Okun et al1 report complications in 8 patients who had gamma knife radiosurgery for Parkinson disease. All of these patients were treated in a single center. Although the authors carefully report their clinical outcomes, several points made in their article should be addressed and clarified. Their abstract begins with the following statement: "Many medical centers throughout the world offer radiosurgery with the gamma knife (GK) for pallidotomy and thalamotomy as a safe and effective alternative to radiofrequency ablative surgery and deep brain stimulation for Parkinson disease." I do not believe that this is correct. Many medical centers with a gamma knife do not offer this treatment; most use it to treat brain tumors or vascular malformations. Movement disorders are usually treated only by people experienced in performing surgery for this type of condition. This is an infrequent procedure relative to others. Most medical centers with a gamma knife do not perform thalamotomy or pallidotomy.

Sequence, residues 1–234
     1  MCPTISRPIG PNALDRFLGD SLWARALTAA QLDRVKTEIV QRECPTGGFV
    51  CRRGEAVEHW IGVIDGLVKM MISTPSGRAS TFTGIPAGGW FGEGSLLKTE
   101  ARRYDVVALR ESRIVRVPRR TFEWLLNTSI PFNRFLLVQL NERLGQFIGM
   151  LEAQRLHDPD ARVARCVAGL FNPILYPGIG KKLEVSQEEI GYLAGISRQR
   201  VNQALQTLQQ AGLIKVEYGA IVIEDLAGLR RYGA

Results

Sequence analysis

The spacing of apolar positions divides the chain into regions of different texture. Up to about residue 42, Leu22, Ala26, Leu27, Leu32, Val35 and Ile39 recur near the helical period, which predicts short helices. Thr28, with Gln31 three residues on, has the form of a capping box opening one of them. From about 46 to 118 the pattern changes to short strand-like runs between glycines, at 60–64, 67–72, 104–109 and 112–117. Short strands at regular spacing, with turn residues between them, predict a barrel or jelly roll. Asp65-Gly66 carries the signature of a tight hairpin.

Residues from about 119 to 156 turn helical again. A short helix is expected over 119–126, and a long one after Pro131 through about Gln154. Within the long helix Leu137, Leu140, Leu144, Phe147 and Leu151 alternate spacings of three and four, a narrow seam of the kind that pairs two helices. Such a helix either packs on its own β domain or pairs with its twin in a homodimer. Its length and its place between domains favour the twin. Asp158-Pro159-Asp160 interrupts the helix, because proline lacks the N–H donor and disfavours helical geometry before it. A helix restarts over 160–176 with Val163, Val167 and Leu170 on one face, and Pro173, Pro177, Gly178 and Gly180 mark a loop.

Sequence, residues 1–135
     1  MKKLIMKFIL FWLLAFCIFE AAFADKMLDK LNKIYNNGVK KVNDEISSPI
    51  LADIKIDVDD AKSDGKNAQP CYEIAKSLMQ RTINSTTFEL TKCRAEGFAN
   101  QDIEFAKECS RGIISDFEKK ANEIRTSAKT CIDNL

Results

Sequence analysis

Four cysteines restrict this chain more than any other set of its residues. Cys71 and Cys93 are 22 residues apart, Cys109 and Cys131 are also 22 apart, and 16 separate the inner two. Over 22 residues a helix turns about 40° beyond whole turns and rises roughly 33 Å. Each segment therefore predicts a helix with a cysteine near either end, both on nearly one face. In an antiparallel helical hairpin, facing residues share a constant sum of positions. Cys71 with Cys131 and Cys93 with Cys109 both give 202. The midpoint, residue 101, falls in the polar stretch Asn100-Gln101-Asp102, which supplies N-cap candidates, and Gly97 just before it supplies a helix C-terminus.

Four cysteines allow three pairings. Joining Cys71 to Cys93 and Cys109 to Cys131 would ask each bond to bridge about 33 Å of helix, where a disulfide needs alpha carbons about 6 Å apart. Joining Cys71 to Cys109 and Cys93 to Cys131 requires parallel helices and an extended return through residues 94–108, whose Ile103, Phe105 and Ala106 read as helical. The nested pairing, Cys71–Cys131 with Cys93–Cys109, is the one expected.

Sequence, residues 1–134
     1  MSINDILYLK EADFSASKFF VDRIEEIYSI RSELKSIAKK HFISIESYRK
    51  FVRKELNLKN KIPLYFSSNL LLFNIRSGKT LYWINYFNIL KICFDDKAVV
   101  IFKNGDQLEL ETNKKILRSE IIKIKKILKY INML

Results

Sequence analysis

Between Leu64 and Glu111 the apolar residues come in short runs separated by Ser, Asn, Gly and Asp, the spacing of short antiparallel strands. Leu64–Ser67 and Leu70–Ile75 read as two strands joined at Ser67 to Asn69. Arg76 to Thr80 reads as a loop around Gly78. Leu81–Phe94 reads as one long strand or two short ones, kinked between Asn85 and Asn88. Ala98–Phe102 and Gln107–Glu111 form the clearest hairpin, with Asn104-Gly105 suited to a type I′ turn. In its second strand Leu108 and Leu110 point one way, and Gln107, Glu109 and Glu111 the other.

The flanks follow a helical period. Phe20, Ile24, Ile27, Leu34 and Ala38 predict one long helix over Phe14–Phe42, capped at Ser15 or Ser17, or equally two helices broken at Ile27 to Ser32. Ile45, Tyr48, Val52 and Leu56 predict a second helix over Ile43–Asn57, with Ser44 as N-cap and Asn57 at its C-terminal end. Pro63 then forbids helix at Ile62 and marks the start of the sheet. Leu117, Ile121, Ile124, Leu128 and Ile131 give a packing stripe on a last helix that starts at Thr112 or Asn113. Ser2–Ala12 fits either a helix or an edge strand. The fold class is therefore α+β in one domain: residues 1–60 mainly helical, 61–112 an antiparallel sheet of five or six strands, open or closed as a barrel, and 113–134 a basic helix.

Kondziolka D. Gamma Knife Thalamotomy for Disabling Tremor. Arch Neurol. 2002;59(10):1660. doi: